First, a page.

As I’ve mentioned before, after Lista’s Italian Cuisine closed in 1980 I went to work at a national pancake franchise that had opened a restaurant in Brockport. After working there for a couple years I had the opportunity to work at the SUNY College at Brockport (where Dad worked until he retired). As a non-union kitchen employee I was asked to do lots of different things, but one of the jobs I liked the most was when I was asked to prep for banquets. And that brings me to today’s post about Chicken Veronique.
I first learned about Chicken Veronique from my Dad who often made a version of this classic French dish while at SUNY Brockport (apparently it was a favorite of the then college president). Although not a traditional representation of the original dish, Dad’s version of Chicken Veronique combined the familiar technique of chicken piccata (dipping the filet in flour before sauteing in butter and lemon) then adding the more typical Veronique ingredients of shallots, white wine, cream, and seedless grapes.
During my time cooking at the college I was called upon once to make Chicken Veronique for a catered luncheon of about 200 students and faculty. Fortunately for me this was not as daunting a task as it sounds since I had plenty of experience catering alongside my Dad, and the college kitchen was fully equipped for large batch cooking. Therefore, everything was moving along splendidly — I had filleted and pounded the dozens of chicken breasts, sauteed them with shallots and butter, simmered them in white wine and chicken stock, and was ready for the final step of adding cream and… seedless grapes… “where are the grapes?” I asked my manager, a good man, who knew food service and handled people quite well — unfortunately his one failing was inventory control. It turned out he had not ordered fresh grapes for this menu. Not a problem, I was told as he handed me two #10 cans labeled “Jubilee Grapes in Syrup.” Okay. So I opened these enormous cans only to reveal hundreds of shriveled grapes that were dyed a bright Maraschino cherry red. Still, I was told to use them — so I did. I rinsed them off the best I could and added them as a liberal garnish to top my beautiful pans of chicken, wrapped them up and placed them in the holding oven until serving time. As each pan was sent out to the serving lines, I peeled back the foil to reveal those darned “Jubilee Grapes” had stained my Chicken Veronique with neon pink blotches. Yikes! Luckily for me college students and faculty are not very fussy when it comes to free food.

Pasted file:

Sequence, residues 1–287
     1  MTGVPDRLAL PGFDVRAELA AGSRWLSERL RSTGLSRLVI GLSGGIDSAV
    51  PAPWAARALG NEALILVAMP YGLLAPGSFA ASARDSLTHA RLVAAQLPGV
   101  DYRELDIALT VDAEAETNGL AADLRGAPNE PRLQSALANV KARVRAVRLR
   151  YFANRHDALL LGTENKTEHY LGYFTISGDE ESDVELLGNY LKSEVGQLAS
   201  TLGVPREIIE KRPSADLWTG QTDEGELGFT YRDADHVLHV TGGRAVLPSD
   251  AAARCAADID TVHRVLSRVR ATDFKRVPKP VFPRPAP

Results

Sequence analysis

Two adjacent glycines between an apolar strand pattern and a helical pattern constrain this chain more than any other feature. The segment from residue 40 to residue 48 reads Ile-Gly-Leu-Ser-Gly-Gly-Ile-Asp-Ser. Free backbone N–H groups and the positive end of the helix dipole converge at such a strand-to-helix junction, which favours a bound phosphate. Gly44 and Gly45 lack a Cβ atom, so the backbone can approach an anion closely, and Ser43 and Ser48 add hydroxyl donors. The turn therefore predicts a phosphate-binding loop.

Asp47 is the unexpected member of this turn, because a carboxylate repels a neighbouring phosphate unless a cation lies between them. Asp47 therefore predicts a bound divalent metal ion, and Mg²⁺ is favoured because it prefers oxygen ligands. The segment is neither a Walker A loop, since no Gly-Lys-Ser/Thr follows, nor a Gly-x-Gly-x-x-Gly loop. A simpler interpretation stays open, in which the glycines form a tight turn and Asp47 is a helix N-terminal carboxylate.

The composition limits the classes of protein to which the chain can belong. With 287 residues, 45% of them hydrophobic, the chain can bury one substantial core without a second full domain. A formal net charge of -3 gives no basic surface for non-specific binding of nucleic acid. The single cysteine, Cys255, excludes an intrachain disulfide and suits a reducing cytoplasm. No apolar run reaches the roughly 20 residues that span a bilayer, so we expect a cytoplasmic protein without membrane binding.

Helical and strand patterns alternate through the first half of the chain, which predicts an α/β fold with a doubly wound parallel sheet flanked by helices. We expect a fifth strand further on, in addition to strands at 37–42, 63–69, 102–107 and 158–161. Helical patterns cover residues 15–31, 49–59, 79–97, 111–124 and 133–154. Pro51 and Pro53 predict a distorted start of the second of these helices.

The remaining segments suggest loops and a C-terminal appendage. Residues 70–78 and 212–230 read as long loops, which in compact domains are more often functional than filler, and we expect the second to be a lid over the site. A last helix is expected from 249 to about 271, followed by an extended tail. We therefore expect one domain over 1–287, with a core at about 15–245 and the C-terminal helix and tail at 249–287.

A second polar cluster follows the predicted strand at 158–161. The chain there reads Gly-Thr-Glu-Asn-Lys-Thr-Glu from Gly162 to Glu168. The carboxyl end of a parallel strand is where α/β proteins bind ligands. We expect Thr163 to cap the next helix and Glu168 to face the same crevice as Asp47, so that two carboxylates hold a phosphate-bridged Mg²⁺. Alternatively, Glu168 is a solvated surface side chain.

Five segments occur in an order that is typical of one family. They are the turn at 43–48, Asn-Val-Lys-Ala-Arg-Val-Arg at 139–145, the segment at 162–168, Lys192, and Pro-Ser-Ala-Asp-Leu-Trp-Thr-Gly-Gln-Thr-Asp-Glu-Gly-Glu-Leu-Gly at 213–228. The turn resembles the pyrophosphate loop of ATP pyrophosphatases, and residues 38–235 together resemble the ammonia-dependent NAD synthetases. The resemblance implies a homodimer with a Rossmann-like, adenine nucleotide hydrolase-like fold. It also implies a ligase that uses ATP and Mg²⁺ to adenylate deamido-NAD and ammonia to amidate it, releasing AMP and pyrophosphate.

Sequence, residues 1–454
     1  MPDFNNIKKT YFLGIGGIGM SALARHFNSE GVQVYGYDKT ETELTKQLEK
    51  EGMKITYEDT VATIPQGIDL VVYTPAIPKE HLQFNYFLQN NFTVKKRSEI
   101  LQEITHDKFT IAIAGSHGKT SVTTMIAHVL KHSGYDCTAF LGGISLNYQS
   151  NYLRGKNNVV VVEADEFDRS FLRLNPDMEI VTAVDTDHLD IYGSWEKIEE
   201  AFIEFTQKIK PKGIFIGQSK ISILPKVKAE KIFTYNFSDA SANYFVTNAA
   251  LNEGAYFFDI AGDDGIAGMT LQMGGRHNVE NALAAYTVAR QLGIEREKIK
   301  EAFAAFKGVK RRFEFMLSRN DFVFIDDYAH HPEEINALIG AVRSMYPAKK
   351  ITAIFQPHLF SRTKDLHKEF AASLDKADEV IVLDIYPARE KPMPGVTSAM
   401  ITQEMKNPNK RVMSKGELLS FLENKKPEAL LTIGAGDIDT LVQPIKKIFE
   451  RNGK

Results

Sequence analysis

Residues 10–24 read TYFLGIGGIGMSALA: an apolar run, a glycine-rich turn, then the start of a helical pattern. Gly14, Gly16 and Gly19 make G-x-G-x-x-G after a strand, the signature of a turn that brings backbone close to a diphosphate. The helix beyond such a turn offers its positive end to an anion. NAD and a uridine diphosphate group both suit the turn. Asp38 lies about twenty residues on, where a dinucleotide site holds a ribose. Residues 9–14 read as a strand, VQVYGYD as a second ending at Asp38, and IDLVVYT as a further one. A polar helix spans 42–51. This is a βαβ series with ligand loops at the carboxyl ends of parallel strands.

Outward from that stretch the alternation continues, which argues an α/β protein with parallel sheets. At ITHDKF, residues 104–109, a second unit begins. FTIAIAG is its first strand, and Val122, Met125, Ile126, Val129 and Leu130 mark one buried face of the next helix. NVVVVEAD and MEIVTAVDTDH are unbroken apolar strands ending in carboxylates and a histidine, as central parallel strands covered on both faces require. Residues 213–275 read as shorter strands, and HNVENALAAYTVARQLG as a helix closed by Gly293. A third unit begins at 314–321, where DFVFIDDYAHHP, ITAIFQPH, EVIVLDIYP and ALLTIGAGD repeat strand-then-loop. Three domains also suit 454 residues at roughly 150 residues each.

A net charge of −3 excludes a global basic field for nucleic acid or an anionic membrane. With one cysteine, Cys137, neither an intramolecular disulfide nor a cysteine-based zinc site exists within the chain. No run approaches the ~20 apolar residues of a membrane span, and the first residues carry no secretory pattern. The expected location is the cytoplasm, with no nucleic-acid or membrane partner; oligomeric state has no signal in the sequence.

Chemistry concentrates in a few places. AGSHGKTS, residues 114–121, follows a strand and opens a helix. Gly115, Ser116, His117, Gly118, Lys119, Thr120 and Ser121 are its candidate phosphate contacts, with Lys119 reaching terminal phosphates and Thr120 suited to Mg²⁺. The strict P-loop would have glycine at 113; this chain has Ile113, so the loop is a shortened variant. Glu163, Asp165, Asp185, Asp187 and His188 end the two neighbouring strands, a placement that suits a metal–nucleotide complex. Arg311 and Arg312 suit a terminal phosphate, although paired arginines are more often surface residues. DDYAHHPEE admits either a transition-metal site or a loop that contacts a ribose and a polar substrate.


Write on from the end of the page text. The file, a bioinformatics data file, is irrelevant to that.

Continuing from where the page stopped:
Since then I will only prepare Chicken Veronique with fresh seedless green grapes so there could be no possibility of repeating of the pink chicken fiasco.
Vinnie Lista’s Chicken Veronique
Prep time: 30 minutes
Cook time: 30 minutes
4 Boneless, Skinless Chicken Breast Halves (about 1 1/4 pounds)
Salt and Ground Black Pepper to taste
1/4 cup All Purpose Flour
2 TBSP Butter
2 TBSP Olive Oil
1 large Shallot (or 1/4 of an onion) – thinly sliced
1 large clove Garlic – minced
1 cup Chicken Stock
1/2 cup Dry White Wine (like Sauvignon Blanc)
1/4 cup Half & Half Cream
2 TBSP Butter
1 TBSP Mild Dijon Mustard (such as Grey Poupon)
1 cup Seedless Green Grapes – halved lengthwise
Chopped Fresh Parsley – as garnish (optional)
1. Trim chicken breasts of all visible fat, place one at a time in a gallon size zip-top bag and pound evenly with flat side of a meat mallet to about ¼ inch thickness (if preferred, you can butterfly each breast before pounding). Season both sides with salt and pepper and coat with flour, shake off excess and set on a plate in refrigerator for 10 minutes.
2. In an extra large skillet, heat 1 TBSP each butter and olive oil over medium-high heat. Add the chicken (in batches) and cook, turning once, until no longer pink inside, 3-4 minutes per side (add additional 1 TBSP butter/olive oil as needed). Transfer the chicken to a platter and cover with foil to keep warm.
3. Add the shallot and garlic to the skillet and cook until fragrant, about 30 seconds. Add the chicken broth and white wine, bring to a boil and reduce liquid to about 1/2 (about 4 to 5 minutes). Reduce heat to med-low, whisk in cream, Dijon mustard and additional 2 TBSP butter – cook for another 5 minutes.
4. Add the grapes, chicken and any accumulated juices to the pan, turning to coat with the sauce. Simmer in sauce for about 5 minutes (or until sauce begins to thicken).
5. To serve, place chicken portion on dinner plate and spoon the grapes and sauce over the top, garnish with a little chopped fresh parsley if desires.
There you have it, my Dad’s version of Chicken Veronique served countless times at SUNY College at Brockport during the 80’s and early 90’s. This is one of those chicken entrees that looks elegant and sophisticated yet is simple and quick to prepare. You can serve it for a dinner party with special guests or as a week day meal for your family. You can even elevate it a little more by adding sauteed fresh mushroom or artichoke hearts with the grapes.
This dish is great served over seasoned rice, quinoa or couscous — it goes very well over angel hair pasta or even buttered noodles. Pair it with some roasted asparagus, Brussels sprouts, haricots verts, or even a simple green salad. Magnifique!
Until next time remember, “The Sauce Makes the Difference!”